Dr. Obaisi next saw Plaintiff on May 12, 2011, for a follow-up appointment. At that time Plaintiff reported only occasional low back pain which responded well to Motrin. Plaintiff had also started working in the prison kitchen by that time.

A few months later, though, the pain returned. At the end of August, 2011, Plaintiff saw a nurse practitioner for complaints of low back pain and received a higher dose of Motrin. Plaintiff later received a handout with exercises for low back pain and saw Dr. Obaisi on December 29, 2011, for complaints of chronic low back pain. Dr. Obaisi prescribed Meloxicam/Mobic and Naproxen, but that did not help Plaintiff's pain. Plaintiff saw Dr. Obaisi the next month to report that the new medicines had not worked, whereupon Dr. Obaisi prescribed the Motrin again. (Dr. Obaisi Aff. ¶¶ 17-21.) The last time Dr. Obaisi saw Plaintiff was on May 12, 2012, when Dr. Obaisi renewed Plaintiff's prescription for 800 mg of Motrin, twice per day, for four months. Id. at ¶¶ 21, 22.

Plaintiff transferred to Sheridan Correctional Center in August 2012. He has not experienced any numbness in his foot and leg since then, and, as of the date of his deposition in June 2013, Plaintiff no longer needed pain medicine for his back. (Pl.'s Dep. P. 59.). As of the date of Plaintiff's deposition, Plaintiff was working five days a week in the kitchen, standing and washing dishes for over five hours at a time. (Pl.'s Dep. pp. 13-15.)

Dr. Obaisi avers "[i]t is not surprising or indicative of any underlying problem beyond the diagnosed sprain that Mr. English continued to experience pain as a result of his fall. Due to Mr. English being in his mid-forties and already showing osteoarthritis in his joints, the healing of the tendons, muscles, bones, and nerves from his back and hip sprain are expected to be slower than in a younger individual without arthritis." (Dr. Obaisi Aff. ¶ 15.)


The Eighth Amendment prohibits cruel and unusual punishment, which in the context of this case prohibits deliberate indifference to an inmate's serious medical needs. Gomez v. Randle , 680 F.3d 859, 865 (7th Cir. 2012). Dr. Obaisi does not dispute that Plaintiff's back pain was a serious medical need. The question then is whether a rational juror could find that Dr. Obaisi was deliberately indifferent to that need.

A defendant acts with deliberate indifference when he consciously disregards a known and substantial risk of serious harm to an inmate. Rice ex rel. Rice v. Correctional Medical Serv. , 675 F.3d 650, 665 (7th Cir. 2012)("An official is deliberately indifferent when he is subjectively aware of the condition or danger complained of, but consciously disregards it."). Serious harm includes prolonged, significant and unnecessary pain. Smith v. Knox County Jail , 666 F.3d 1037, 1040 (7th Cir. 2012)(("deliberate indifference to prolonged, unnecessary pain can itself be the basis for an Eighth Amendment claim"). Additionally, deliberate indifference may be inferred if a physician's decisions are "a substantial departure from accepted professional medical judgment." Roe v. Elyea , 631 F.3d 843, 857 (7th Cir. 2011)( quoting Sain v. Wood , 512 F.3d 886, 894-95 (7th Cir. 2009).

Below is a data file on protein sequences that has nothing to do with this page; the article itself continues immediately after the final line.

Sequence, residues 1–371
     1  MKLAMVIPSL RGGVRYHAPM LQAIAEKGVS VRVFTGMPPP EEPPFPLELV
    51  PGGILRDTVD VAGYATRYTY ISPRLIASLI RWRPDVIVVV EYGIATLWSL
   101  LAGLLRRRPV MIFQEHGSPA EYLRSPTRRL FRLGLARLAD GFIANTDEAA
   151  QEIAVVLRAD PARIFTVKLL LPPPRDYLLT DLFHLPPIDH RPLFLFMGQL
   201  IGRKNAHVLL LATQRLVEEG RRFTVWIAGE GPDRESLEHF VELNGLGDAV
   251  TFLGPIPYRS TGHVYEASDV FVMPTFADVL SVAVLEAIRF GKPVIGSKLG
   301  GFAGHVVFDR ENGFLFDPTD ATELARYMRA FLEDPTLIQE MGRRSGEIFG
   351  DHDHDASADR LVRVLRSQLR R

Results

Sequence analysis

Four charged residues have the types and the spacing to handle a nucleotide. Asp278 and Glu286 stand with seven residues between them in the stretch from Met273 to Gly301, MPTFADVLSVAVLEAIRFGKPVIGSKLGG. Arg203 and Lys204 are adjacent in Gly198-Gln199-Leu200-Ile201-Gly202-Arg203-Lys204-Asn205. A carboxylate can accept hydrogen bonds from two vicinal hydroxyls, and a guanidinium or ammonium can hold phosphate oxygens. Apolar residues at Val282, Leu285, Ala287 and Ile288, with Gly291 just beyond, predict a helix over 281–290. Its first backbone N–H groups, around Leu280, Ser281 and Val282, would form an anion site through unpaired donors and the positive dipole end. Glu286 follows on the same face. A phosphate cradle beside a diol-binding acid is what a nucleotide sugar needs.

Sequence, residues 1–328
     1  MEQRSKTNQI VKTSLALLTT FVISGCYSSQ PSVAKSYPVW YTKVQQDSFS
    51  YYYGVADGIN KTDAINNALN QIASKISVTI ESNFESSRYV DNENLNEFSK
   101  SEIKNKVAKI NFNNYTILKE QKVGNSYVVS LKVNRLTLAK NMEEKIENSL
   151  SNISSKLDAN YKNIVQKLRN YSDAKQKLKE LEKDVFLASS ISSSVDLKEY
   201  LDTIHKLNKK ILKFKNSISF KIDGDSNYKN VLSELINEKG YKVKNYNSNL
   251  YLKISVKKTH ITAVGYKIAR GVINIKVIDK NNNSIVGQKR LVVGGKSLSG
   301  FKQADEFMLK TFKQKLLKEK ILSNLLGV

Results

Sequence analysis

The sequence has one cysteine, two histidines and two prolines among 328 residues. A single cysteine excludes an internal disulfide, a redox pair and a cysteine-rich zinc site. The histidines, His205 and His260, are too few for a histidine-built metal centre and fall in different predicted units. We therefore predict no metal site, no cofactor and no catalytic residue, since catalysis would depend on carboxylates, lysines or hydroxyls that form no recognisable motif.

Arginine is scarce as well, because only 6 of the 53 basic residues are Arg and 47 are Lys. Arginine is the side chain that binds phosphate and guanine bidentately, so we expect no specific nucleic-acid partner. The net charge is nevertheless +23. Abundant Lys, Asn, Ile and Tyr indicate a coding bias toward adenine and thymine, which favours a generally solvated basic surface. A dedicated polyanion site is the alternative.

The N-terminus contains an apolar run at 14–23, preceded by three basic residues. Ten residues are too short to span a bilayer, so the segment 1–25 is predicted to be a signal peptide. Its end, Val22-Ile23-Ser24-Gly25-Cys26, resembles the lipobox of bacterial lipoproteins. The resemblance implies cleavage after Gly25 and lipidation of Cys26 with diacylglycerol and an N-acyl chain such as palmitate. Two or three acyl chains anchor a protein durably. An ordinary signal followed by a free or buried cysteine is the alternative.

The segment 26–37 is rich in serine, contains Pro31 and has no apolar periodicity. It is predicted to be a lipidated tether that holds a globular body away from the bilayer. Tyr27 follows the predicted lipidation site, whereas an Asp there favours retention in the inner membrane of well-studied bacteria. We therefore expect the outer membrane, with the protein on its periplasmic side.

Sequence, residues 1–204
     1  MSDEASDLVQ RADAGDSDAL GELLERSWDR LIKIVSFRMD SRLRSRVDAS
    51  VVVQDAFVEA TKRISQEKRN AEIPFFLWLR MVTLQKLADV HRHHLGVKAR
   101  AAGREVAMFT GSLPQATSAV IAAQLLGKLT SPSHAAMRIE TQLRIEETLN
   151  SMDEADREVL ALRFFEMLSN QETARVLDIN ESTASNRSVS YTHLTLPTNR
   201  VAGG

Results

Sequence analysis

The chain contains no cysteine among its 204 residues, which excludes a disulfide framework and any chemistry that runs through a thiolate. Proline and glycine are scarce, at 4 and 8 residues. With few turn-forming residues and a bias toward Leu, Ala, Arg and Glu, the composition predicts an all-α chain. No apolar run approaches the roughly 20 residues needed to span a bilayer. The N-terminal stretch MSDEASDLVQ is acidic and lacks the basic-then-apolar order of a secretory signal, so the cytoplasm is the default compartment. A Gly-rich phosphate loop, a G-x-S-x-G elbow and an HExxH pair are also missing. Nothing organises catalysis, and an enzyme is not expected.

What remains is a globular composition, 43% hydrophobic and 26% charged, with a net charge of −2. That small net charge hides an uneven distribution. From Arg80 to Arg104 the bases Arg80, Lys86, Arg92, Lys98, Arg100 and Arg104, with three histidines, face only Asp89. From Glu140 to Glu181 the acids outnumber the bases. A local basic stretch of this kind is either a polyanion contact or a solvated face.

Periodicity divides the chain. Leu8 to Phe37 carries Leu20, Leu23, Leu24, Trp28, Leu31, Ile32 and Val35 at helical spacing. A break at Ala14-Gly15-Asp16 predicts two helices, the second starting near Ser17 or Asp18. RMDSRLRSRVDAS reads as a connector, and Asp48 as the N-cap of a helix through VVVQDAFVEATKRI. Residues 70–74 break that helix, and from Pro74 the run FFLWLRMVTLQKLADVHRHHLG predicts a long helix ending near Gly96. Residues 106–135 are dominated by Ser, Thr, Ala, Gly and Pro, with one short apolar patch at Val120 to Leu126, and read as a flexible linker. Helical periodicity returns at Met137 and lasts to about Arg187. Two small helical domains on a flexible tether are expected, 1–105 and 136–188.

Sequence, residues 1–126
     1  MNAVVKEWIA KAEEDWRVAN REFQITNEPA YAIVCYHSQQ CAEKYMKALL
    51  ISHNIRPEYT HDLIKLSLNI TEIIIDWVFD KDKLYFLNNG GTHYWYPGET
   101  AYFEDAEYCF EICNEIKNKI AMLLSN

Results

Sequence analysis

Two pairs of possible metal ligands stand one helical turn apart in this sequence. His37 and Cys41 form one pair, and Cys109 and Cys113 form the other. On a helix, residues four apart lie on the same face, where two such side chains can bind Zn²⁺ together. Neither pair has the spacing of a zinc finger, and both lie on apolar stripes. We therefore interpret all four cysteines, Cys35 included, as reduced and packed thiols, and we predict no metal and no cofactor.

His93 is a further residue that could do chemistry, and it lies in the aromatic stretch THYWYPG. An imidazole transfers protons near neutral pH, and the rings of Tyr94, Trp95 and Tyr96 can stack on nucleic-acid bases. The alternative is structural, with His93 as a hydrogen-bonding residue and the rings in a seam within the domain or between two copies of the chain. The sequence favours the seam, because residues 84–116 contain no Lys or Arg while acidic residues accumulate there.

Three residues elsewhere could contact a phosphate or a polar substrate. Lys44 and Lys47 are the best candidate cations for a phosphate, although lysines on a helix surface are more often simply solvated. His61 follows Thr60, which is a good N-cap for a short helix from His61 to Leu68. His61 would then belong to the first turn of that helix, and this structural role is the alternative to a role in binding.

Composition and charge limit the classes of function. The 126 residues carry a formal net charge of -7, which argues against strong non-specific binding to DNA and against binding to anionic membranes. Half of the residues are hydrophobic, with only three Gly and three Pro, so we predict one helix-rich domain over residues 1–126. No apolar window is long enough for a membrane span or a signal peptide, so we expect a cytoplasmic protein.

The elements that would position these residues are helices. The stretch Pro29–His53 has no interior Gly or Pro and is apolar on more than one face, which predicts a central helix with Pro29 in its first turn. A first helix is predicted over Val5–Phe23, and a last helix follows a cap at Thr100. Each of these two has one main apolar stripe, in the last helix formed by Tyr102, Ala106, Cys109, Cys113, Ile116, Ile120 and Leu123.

A juror could not find on this record that Dr. Obaisi was deliberately indifferent to any of Plaintiff's medical problems or pain. Plaintiff has no evidence that Dr. Obaisi's conservative treatment was outside the ordinary standard of care, much less a substantial departure therefrom. In fact, Plaintiff has fully recovered, which supports Dr. Obaisi's treatment approach. And, Plaintiff does not dispute that Dr. Obaisi was responsive to Plaintiff's complaints of pain, regularly prescribing pain medicine, a low bunk, exercises, and excuses from work. See Ray v. Wexford Health Sources, Inc. , 706 F.3d 864, 866 (7th Cir. 2013)(refusal to give an inmate an MRI was not deliberately indifferent where doctor did not believe the test would help in treatment-inmate was given frequent exams, x-rays, painkillers, and a lower bunk).

Plaintiff's primary problem with Dr. Obaisi appears to be what Plaintiff described as Dr. Obaisi's dismissive and callous attitude. (Pl.'s Dep. p. 52)("Dr. Obaisi, it's like with him, when I was going over there, his-he-it wasn't as if he was really concerned about my health.") However, that alone does not rise to a constitutional violation. A callous attitude may be evidence in support of deliberate indifference but only in conjunction with a treatment approach that is substantially outside accepted norms.

Plaintiff also focuses on the fact that he never would have been injured if his supervisor had not required Plaintiff to ride unsecured in the Gator's flatbed. That may be, but Plaintiff's claim against the supervisor was dismissed because Plaintiff failed to exhaust his administrative remedies against the supervisor. (7/18/13 order.) In any event, the supervisor was at most negligent, and negligence does not violate the Constitution. Gomez v. Randle , 680 F.3d 859, 864 (7th Cir. 2012)("[A] § 1983 plaintiff must establish that prison officials acted wantonly; negligence or gross negligence is not enough."). Plaintiff himself did not believe that riding in the back of the Gator was dangerous until after the accident. (Pl.'s Dep. p. 67).[3]


1) Dr. Obaisi's motion for summary judgment is granted (d/e 29). The clerk of the court is directed to enter judgment in favor of Defendants and against Plaintiff. All pending motions are denied as moot, and this case is terminated, with the parties to bear their own costs. All deadlines and settings on the Court's calendar are vacated.
2) If Plaintiff wishes to appeal this judgment, he must file a notice of appeal with this Court within 30 days of the entry of judgment. Fed. R. App. P. 4(a)(4). A motion for leave to appeal in forma pauperis should identify the issues Plaintiff will present on appeal. See Fed. R. App. P. 24(a)(1)(c). If Plaintiff does choose to appeal, he will be liable for the $455.00 appellate filing fee regardless of the outcome of the appeal.